Iran has played down a drone attack on a munitions centre in Isfahan, calling it a minor incident, but some analysts said the strike was a significant blow to Tehran.
Three drones struck a “military workshop” in the city on Saturday night, Iran's Defence Ministry said, claiming it shot down the unmanned aerial vehicles.
One of the drones caused “minor damage” to the workshop's roof, it said.
It offered no other details on the attack, which occurred as a huge fire broke out at an oil refinery in north-western Iran.
The cause of the blaze is still under investigation, officials have said.
Israel carried out a drone strike on a defence compound in Isfahan, the Wall Street Journal reported, citing unidentified US officials and sources.
“This cowardly act was carried out today as part of the efforts made by enemies of the Iranian nation in recent months to make the Islamic republic insecure,” Foreign Minister Hossein Amirabdollahian told a press conference with his visiting Qatari counterpart, Sheikh Mohammed bin Abdulrahman.
“Such measures cannot affect the will and intention of our specialists for peaceful nuclear developments,” AFP quoted him as saying.
State news outlet Irna hit out at other media for “fearmongering” following the incidents.
The Pentagon said no US military forces had conducted operations inside Iran.
“We continue to monitor the situation, but have nothing further to provide,” the Pentagon's press office told The National.
The attack comes as US Secretary of State Antony Blinken begins a Middle East tour amid soaring regional tension and heightened violence in Jerusalem and the occupied West Bank.
He is expected to discuss the Iranian threat with senior Israeli officials, who have yet to comment on the Saturday attack.
Iran's Foreign Ministry spokesman Nasser Kanaani hit out at Israel on Sunday, saying US support would “not help the regime's survival”.
While Iran said the attack would not stop Tehran from “progressing”, intelligence officials said it was far more destructive that Iran had reported, The Jerusalem Post reported.
Regional outlets reported that the US carried out the strike with a “second country”. American sources denied Israel had participated in the attack.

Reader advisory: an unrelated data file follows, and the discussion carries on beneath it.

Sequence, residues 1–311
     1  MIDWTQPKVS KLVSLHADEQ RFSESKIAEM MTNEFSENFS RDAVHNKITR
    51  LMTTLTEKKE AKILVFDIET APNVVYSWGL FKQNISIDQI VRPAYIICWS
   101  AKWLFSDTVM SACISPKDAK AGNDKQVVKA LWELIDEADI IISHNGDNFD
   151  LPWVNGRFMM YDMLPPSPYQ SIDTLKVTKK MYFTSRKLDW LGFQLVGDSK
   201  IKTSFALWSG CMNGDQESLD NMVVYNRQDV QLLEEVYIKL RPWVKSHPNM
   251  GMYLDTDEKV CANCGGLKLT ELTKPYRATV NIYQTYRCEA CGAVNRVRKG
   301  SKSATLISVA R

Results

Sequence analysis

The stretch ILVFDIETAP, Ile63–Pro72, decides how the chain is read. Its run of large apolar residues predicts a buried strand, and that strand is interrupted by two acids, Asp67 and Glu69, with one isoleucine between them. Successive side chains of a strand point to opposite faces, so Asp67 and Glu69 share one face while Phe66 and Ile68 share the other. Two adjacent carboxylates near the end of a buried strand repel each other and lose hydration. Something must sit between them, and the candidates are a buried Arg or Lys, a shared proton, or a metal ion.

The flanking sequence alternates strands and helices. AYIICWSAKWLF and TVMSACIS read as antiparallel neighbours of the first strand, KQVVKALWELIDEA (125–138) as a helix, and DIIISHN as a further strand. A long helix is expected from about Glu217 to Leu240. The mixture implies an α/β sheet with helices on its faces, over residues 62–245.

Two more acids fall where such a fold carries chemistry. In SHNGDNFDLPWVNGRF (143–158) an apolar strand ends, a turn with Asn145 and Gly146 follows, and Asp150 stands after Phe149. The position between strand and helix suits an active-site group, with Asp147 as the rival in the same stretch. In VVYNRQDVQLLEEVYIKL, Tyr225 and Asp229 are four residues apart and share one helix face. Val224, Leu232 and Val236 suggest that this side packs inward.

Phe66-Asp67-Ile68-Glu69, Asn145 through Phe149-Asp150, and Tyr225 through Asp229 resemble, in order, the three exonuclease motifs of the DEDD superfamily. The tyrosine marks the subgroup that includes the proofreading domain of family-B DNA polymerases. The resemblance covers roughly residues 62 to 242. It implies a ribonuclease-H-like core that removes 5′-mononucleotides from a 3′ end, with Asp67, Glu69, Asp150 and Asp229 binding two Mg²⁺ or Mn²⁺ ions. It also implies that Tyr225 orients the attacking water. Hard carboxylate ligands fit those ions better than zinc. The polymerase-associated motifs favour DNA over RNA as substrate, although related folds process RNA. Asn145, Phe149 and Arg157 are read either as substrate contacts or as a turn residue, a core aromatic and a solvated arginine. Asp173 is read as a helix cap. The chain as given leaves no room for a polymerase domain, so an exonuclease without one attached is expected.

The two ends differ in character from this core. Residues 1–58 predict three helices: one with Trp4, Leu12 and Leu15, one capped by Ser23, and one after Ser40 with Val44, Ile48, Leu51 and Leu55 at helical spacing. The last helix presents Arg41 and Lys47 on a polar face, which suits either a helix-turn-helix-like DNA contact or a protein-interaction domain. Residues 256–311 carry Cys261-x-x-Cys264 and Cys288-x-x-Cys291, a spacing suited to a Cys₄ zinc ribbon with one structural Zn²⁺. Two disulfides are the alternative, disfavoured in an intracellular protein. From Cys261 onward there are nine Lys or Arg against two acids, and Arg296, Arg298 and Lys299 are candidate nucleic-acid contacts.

The strike would mark the first assault on Iran since Israeli Prime Minister Benjamin Netanyahu returned to office in Israel, accompanied by a hardline government that has not only vowed to entrench Israel's occupation but also to clamp down on Iran and its growing nuclear activity.
Israeli officials have so far declined to comment on the strike and rarely acknowledge action in Iran, where the country is thought to have launched several attacks on nuclear sites in recent years.
Israel is suspected of attacking sites such as the Natanz nuclear plant, where Iran is now reportedly increasing its stockpile of enriched uranium.
Tension is also running high with Azerbaijan after a gunman killed one and wounded another outside its embassy in Tehran on Friday, an attack denounced by Baku as an “act of terrorism”.
Iran's army recently conducted military exercises near the shared border as Azerbaijan draws closer to Israel, drawing ire from Tehran.
Azeri officials said embassy staff would be pulled from Tehran and Iran's ambassador summoned over the incident.
Tehran has come under heightened scrutiny in recent months after its brutal suppression of anti-government protests and its drone supplies to Russia.
Moscow has used Iran's Shahed loitering, self-detonating drones against Ukrainian civilians.
Ukrainian officials referenced Saturday's attack, with an adviser to President Volodymyr Zelenskyy saying Kyiv warned there would be repercussions from Iran's support for Russia.
“The logic of war is relentless and murderous. And issues hard bills to authors and co-conspirators,” tweeted Mr Zelenskyy's adviser Mykhailo Podolyak, citing “panic” in Moscow.
“Explosive night in Tehran: drone and missile industries, oil refineries,” he said. “Ukraine did warn you.”
The attack also follows US-Israeli military drills intended to project a strong front against Tehran and its growing nuclear threat, while CIA chief William Burns made an unannounced visit to Israel.
The five-day joint exercises, the most significant in recent years, involved planes used to strike hard-to-reach nuclear sites, analysts said.
On Thursday, the former chief of Israel's navy said it was better to attack Iran “sooner rather than later”.
“In my understanding, I think Israel has to attack, because the situation right now is that Iran is a threshold country — 100 per cent,” Vice Admiral Eliezer Marum told i24.
Tehran has ignored repeated calls to halt its nuclear programme, breaching commitments it made under the defunct 2015 nuclear deal in exchange for reduced sanctions.
It has increased its stockpile of highly-enriched uranium and installed advanced centrifuges at several sites, despite UN warnings over uranium traces at several undeclared locations.
With reporting by Sunniva Rose in Brussels